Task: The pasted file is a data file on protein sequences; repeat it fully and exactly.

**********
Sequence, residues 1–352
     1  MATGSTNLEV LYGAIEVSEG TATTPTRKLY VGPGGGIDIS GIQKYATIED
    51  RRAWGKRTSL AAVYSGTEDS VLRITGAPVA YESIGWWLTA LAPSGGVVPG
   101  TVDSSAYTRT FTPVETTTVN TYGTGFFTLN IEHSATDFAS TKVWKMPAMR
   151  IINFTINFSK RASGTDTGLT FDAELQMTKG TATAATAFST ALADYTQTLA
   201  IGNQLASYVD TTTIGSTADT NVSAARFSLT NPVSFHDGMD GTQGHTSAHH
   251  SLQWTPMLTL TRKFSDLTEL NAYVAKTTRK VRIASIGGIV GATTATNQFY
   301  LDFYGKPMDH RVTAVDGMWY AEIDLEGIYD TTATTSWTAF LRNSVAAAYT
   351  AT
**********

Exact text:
Sequence, residues 1–352
     1  MATGSTNLEV LYGAIEVSEG TATTPTRKLY VGPGGGIDIS GIQKYATIED
    51  RRAWGKRTSL AAVYSGTEDS VLRITGAPVA YESIGWWLTA LAPSGGVVPG
   101  TVDSSAYTRT FTPVETTTVN TYGTGFFTLN IEHSATDFAS TKVWKMPAMR
   151  IINFTINFSK RASGTDTGLT FDAELQMTKG TATAATAFST ALADYTQTLA
   201  IGNQLASYVD TTTIGSTADT NVSAARFSLT NPVSFHDGMD GTQGHTSAHH
   251  SLQWTPMLTL TRKFSDLTEL NAYVAKTTRK VRIASIGGIV GATTATNQFY
   301  LDFYGKPMDH RVTAVDGMWY AEIDLEGIYD TTATTSWTAF LRNSVAAAYT
   351  AT